So, after a time that measured uncountable generations of light, the Cere had learned most of the mysteries of the Immensities. After coming to greatly understand the macrocosm, they had shifted directions to pursue the beguiling microcosm, as well.

As beings of light, they had long understood their own physical structure, its independent bits and pieces. Eventually, they identified the smaller parts that made up the larger parts, and so on, until they had come to the smallest physical entities, exotic mecho-forces that existed on the verge of the inter-dimensional realities, so small that time could not touch them. At the same instant, these ID mecho-forces were vastly massive, densely filled with absolutely nothing. These forces balanced on the infinitely honed juncture of paradox and unreality.

Eventually, the Cere discovered that the worlds of the extremely small were indivisibly linked to the worlds of the extremely large. By conquering one, their wisdom deciphered the other. Crudely represented, the macrocosm was the head of the serpent, the microcosm its tail, and the serpent eternally devoured itself tail first.

Like the Immensities, the ID forces were ever changing, expanding and contracting, but maintaining a mysterious entropy that was difficult even for the Cere to comprehend. As the snake consumed itself, it became shorter, as it aged it grew longer. The cycle was endless and complete, the balance utter and undeniable.

Once, in darker ages of their evolution, these beings of light had turned against themselves, divided along the lines of an abstract schism in their scientific reasoning. A war was fought, now long forgiven, but named the Conflict of Directions.

The Conflict of Directions was waged to decide the course of the Cere's analytical endeavors. Nearly equal in size and strength, one faction favored further study of the ID forces, another desired the exploration of the Outer Void. Each project required a blinding length of time to complete, even when worm holes and colloidal matrices where used to navigate the Immensities and the forces, respectively.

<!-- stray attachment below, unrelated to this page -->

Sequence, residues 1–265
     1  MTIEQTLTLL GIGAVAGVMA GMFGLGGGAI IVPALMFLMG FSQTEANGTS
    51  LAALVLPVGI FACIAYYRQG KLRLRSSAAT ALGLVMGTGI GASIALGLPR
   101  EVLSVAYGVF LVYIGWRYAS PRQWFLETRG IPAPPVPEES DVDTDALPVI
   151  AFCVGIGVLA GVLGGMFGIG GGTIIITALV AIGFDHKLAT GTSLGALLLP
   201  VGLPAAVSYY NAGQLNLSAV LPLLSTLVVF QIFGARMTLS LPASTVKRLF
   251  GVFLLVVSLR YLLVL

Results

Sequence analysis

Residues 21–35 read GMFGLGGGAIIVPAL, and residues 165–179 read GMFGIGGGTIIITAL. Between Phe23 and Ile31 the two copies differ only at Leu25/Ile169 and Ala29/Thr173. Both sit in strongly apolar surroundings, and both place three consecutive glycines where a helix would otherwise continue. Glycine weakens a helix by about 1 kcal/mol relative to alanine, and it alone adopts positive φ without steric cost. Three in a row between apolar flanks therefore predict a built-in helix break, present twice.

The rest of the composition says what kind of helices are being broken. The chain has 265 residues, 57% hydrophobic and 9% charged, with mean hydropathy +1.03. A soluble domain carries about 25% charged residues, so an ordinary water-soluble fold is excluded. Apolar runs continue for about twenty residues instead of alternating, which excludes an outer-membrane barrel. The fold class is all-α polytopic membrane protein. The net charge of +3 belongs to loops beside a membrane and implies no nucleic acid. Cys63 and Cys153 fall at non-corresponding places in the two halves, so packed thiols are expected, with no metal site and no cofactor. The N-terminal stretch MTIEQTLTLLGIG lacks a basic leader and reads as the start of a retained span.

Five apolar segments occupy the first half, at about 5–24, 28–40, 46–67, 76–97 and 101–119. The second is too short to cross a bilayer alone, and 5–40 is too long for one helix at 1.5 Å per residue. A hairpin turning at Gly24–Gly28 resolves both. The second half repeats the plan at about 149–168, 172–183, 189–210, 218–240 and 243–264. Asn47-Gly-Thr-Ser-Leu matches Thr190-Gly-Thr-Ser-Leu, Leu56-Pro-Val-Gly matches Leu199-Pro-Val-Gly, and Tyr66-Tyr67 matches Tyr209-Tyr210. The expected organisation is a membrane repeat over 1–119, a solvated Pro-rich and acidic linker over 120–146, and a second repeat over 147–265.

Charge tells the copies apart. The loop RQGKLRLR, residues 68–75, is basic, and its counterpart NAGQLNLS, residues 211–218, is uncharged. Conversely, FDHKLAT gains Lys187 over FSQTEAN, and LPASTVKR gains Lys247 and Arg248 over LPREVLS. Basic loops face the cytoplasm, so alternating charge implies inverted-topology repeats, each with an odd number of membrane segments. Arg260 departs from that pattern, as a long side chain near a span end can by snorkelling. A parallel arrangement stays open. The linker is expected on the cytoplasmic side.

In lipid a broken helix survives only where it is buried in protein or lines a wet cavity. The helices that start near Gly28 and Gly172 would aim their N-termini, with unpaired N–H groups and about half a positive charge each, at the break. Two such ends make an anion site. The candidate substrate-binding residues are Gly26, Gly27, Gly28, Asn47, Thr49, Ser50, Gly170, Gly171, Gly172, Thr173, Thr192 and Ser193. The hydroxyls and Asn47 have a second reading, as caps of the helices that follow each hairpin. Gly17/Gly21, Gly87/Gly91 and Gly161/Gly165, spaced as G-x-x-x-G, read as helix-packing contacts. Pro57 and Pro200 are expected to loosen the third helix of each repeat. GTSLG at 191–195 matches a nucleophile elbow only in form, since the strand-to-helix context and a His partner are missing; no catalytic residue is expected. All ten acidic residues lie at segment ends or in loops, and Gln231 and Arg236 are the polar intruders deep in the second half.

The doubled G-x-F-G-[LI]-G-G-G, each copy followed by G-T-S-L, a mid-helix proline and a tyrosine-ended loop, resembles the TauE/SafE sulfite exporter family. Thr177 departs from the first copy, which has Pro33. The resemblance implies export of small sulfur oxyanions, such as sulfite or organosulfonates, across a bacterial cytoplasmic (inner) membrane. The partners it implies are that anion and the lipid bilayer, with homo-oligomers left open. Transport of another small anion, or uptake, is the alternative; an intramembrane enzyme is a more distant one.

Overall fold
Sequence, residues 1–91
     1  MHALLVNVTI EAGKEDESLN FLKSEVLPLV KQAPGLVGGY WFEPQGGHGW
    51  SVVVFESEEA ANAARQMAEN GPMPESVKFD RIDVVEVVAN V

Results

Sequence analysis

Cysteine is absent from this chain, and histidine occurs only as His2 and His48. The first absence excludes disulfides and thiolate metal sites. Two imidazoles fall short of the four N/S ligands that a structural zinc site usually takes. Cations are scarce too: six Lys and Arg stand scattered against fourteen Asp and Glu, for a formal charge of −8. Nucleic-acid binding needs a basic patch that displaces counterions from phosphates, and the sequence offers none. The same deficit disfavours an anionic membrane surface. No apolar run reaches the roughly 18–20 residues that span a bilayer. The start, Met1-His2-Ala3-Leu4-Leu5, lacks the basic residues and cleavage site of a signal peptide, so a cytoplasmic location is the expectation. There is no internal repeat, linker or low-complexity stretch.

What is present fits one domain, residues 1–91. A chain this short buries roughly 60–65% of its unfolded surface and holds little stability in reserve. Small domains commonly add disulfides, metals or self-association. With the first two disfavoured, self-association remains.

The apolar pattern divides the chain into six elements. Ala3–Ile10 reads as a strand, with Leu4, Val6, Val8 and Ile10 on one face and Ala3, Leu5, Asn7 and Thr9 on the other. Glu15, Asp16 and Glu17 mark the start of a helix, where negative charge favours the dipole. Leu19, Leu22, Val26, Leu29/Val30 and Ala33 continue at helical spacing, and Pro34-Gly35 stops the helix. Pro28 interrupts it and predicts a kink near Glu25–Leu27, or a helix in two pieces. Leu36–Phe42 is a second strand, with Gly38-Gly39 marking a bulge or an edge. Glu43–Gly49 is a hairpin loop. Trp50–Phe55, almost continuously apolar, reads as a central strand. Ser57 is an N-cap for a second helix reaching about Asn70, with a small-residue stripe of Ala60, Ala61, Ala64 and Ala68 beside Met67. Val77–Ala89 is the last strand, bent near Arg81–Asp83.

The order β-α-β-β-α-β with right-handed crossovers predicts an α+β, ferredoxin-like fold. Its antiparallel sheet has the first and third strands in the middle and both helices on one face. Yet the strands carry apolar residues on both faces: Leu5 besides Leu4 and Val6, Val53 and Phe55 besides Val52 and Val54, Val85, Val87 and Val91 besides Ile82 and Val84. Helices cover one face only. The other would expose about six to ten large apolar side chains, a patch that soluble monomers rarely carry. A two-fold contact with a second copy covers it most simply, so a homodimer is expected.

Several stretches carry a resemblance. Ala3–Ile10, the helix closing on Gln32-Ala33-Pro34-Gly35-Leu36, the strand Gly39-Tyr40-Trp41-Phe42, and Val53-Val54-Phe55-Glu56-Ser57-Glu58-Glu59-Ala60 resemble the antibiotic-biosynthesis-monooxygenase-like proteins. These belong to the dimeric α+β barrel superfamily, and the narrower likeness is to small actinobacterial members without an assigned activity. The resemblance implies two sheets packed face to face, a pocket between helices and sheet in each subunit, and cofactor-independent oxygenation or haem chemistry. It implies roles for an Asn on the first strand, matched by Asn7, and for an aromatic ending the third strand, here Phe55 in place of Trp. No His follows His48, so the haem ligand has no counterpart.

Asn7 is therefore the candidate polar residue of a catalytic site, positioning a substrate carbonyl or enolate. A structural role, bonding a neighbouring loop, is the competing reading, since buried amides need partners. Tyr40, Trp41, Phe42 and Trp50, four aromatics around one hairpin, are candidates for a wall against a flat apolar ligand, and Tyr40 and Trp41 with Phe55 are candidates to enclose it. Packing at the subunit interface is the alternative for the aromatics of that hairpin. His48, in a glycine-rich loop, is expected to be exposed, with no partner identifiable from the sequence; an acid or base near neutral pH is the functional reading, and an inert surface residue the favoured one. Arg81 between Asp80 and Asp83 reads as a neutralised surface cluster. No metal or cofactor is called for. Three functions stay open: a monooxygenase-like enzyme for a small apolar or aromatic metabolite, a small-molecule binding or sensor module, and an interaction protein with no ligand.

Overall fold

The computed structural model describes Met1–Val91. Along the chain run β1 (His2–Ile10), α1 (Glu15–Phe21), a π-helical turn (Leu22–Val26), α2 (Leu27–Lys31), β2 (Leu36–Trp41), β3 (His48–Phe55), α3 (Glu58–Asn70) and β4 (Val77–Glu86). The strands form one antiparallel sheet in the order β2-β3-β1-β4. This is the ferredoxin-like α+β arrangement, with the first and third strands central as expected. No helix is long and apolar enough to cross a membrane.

For beings that did not know a physical form of existence, warfare was an abstract exercise, but nonetheless deadly in its own sinister way. Cere destroyed Cere with weapons that left gaping holes in the gelatinous fabric of the time-space continuum, that ravaged the dimensions of time and reality. Cere unleashed the unimaginable forces of inter-dimensional paradox against Cere. Cere exchanged matter for light and turned the resulting energies against Cere. Black holes and tachionic pores were shifted throughout the Immensities for use as deadly snares to immobilize and destroy fellow beings of light.

When the spasms of battle fell still, the photo-circuits once again turned their timeless energies from the tasks of destruction to the nobler undertaking of pure, unified research. For a direction had been chosen and accepted by all.

The Cere reached for the farthest corners of the Immensities, delved into the Outer Void.

There they found an impenetrable wall of nothing, much as they had found within the confines of the ID forces. But long experience had taught them that a tangible something must exist within this barrier known as the Outer Void.